The EV industry is growing, and hybrid or electric vehicles come with electric drivetrain components that create a lot of EMI. Designers have more EMI to contend with in the case of EVs, and less sheet metal to assist in shielding the vehicle from it. As car manufacturers continue to rely on more non-metallic body materials—and add more electronic/wireless components to vehicle designs—EMI shielding producers will need to look for new ways to solve these challenges while keeping shielding design costs within a reasonable range.

Evolving technologies
Industries like aerospace, military, healthcare and telecommunications are witnessing rapid advances in wireless consumer products as well as in the use of personal drones, tablets, cell phones, laptops, etc. As designers of these products pack more and more features into smaller moulds, the space available for effective EMI shielding also gets smaller. This has led to manufacturers upgrading their design departments or partnering with solutions providers who specialise in niche market needs. For example, a drone manufacturer can now choose a shielding partner based on the latter’s proven success in the drone industry.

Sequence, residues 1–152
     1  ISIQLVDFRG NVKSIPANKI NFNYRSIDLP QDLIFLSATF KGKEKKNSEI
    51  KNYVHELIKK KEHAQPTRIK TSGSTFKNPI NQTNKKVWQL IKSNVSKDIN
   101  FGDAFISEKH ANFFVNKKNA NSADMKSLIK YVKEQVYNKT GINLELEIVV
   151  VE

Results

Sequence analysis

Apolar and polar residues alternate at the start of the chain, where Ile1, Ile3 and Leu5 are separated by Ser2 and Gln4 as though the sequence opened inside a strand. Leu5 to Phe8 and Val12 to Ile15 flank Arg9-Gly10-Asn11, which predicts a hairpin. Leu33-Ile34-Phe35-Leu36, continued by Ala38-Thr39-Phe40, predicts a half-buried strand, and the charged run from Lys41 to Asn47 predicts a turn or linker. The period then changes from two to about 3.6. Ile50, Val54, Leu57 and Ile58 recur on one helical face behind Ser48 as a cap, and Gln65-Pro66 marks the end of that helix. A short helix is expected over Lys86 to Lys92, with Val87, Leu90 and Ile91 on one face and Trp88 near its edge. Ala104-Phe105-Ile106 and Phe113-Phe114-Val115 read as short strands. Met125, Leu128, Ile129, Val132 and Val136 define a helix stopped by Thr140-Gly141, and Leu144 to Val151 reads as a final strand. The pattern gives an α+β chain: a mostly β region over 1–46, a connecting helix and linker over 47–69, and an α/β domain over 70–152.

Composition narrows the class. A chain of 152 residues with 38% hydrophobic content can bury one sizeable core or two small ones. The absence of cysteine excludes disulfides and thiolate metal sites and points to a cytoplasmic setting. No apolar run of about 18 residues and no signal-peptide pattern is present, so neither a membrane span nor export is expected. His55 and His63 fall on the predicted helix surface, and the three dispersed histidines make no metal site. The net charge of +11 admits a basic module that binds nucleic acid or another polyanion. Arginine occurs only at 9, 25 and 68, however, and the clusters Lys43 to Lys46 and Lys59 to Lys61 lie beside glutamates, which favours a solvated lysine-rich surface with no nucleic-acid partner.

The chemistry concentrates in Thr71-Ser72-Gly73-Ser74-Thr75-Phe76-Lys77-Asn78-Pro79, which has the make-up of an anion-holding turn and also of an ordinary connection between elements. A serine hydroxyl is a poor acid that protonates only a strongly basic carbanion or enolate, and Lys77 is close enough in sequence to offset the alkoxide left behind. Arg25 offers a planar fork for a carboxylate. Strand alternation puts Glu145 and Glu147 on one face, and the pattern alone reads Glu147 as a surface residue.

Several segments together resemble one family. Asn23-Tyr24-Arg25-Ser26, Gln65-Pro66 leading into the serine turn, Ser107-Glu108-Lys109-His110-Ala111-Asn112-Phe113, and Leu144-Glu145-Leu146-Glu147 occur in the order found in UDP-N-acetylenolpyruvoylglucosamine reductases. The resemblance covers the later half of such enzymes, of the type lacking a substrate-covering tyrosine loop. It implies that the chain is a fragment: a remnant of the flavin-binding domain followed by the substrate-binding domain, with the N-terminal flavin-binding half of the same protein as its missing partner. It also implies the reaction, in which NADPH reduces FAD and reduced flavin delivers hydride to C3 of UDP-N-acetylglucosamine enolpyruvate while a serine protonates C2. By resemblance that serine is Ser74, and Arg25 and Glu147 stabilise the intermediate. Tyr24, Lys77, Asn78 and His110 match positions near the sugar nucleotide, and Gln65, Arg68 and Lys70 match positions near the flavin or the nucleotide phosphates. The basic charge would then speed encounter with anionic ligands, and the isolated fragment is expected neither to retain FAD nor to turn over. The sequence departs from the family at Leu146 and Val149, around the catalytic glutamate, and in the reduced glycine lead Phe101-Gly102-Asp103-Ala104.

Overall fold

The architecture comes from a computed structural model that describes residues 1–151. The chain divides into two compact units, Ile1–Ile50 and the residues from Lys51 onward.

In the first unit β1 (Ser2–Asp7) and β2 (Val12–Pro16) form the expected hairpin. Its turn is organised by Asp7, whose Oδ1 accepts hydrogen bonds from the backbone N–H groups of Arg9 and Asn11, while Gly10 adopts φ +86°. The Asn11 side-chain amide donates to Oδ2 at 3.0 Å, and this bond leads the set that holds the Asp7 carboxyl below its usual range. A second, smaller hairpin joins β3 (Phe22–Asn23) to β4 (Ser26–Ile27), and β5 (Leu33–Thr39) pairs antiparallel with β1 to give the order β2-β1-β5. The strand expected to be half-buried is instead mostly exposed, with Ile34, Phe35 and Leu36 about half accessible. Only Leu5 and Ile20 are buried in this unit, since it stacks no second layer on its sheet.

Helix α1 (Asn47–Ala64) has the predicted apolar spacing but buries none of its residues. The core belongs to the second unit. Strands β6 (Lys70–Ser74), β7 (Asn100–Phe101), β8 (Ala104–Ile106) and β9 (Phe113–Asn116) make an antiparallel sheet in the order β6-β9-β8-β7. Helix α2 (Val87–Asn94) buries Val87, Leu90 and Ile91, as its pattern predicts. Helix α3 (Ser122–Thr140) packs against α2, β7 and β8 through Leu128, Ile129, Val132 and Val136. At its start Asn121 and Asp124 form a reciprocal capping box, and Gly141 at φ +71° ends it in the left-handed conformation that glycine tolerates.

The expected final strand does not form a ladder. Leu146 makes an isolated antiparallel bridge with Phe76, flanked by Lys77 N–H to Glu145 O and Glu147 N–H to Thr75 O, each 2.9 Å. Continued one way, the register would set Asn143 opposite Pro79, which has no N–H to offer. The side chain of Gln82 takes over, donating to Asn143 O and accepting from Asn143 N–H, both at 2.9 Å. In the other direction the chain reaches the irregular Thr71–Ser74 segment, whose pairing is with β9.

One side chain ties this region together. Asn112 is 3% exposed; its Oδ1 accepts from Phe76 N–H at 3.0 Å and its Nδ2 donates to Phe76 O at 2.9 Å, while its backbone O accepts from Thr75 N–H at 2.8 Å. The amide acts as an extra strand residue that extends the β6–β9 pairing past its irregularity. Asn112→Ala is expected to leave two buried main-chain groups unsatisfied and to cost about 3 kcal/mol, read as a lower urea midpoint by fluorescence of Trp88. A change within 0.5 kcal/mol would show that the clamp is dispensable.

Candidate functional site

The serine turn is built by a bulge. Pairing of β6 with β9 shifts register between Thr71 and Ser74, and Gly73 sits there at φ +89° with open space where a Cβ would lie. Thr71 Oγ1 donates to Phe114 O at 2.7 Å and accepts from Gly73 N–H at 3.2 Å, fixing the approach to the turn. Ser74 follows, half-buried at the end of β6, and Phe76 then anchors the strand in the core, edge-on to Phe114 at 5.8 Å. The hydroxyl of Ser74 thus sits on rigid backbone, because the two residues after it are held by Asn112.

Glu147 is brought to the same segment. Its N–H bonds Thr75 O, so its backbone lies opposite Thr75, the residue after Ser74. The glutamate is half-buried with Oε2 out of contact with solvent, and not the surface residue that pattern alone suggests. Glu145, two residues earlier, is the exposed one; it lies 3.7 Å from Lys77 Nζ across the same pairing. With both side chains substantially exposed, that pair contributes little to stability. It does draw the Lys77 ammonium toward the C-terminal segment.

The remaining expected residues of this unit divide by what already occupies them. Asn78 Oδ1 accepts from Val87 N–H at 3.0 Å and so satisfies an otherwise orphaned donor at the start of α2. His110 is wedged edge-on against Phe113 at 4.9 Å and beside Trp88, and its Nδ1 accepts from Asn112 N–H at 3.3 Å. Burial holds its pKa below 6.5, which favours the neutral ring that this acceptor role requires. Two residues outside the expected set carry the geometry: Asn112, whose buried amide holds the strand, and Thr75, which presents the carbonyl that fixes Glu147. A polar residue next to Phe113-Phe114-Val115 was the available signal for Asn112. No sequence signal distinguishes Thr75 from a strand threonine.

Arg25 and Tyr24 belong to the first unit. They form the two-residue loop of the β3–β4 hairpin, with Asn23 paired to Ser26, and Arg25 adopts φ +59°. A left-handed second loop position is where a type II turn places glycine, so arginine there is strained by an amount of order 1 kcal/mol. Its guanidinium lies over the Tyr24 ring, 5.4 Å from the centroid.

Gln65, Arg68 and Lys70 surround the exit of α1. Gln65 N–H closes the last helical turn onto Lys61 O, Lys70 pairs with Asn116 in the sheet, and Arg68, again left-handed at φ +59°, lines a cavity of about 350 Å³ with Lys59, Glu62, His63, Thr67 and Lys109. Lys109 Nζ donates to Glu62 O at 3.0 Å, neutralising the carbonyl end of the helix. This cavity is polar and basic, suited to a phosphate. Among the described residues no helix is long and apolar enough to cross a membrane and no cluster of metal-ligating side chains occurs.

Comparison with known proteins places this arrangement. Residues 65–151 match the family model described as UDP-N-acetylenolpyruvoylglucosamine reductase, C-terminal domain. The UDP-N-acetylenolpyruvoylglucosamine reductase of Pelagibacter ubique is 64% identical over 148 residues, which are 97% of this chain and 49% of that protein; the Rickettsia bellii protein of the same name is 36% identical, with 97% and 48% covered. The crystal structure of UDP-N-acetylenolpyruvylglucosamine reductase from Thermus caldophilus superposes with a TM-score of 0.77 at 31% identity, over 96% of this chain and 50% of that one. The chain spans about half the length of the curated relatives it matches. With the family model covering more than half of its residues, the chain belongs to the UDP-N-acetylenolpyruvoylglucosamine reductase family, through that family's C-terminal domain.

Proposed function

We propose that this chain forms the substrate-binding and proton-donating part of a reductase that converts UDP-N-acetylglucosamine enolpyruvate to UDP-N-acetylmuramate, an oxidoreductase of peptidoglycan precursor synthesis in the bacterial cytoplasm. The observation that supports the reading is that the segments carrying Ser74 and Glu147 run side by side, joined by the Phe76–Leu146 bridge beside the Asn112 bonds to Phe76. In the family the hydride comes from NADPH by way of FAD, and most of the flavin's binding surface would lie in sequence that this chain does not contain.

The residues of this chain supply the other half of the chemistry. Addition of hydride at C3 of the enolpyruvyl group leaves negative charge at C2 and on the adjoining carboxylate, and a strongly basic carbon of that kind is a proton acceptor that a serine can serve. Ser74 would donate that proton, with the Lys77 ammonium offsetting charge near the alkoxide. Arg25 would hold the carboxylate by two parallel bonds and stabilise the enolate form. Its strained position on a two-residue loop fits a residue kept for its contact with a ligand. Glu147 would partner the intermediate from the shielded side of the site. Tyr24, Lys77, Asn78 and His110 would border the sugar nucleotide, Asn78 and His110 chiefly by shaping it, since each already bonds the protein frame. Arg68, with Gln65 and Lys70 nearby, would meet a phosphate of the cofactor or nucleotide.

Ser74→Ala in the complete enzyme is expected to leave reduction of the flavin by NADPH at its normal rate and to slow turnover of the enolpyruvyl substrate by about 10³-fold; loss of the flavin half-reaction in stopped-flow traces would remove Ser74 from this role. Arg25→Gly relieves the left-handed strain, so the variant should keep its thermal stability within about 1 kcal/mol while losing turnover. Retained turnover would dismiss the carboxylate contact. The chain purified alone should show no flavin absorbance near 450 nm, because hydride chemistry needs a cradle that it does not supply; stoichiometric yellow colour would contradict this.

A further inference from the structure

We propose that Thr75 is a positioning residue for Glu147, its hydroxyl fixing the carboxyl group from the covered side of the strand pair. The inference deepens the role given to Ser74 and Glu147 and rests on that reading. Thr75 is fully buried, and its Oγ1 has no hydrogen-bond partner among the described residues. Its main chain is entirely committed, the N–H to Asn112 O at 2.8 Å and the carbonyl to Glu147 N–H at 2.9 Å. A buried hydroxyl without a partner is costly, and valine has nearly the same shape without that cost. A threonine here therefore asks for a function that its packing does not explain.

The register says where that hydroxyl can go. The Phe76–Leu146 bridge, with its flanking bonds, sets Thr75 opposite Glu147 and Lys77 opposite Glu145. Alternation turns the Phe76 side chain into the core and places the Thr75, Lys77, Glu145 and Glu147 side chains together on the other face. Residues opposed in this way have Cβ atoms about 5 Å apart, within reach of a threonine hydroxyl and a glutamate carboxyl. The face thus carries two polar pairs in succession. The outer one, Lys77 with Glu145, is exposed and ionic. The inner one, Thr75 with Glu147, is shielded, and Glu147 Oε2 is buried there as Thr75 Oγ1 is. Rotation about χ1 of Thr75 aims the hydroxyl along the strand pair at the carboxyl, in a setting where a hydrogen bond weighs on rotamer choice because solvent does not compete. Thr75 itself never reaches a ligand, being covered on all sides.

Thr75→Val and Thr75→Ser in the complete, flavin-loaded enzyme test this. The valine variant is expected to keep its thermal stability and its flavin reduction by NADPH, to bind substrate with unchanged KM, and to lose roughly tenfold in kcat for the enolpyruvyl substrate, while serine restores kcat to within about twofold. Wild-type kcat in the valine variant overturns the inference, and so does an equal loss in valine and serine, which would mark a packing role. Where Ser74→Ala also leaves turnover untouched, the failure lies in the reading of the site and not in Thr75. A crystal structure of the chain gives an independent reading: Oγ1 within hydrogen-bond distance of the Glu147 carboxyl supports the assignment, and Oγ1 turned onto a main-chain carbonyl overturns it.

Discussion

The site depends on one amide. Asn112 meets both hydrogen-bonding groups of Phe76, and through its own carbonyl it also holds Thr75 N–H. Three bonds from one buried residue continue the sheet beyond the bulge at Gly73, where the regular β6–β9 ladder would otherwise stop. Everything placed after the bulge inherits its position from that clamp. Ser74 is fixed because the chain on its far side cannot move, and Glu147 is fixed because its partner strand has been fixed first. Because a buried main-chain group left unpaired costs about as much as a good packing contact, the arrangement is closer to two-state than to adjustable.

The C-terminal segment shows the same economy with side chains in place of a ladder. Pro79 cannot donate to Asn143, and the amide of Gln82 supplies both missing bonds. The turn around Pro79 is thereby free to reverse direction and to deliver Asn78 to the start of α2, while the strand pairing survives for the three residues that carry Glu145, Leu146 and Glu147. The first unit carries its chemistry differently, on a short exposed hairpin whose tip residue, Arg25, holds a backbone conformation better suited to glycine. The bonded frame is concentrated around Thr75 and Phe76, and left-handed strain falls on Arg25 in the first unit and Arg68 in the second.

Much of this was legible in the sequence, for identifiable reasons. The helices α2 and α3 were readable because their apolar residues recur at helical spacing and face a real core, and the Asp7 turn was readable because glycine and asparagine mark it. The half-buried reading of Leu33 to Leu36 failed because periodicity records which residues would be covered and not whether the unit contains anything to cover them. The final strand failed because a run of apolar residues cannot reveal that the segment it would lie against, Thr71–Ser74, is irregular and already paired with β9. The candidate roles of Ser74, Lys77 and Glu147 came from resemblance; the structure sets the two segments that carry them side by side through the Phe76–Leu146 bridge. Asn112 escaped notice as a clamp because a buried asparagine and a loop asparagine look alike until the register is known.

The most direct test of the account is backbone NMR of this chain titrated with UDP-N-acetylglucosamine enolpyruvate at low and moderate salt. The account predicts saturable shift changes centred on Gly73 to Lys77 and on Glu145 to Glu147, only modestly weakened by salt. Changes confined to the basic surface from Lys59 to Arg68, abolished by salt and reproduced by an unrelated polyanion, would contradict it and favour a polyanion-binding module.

Stricter FCC (Federal Communications Commision, USA) regulations are adding to design constraints in new wireless products. EMI shielding specialists need to come up with processes that have higher tolerances fitted within the limited space using thinner/lighter materials, while keeping costs in check. Designers need to choose the shielding strategy that will best suit the given application and successfully prevent external interference. An optimal design needs to consider all essential factors including size, noise ratios, certifications, temperature tolerances and environmental conditions.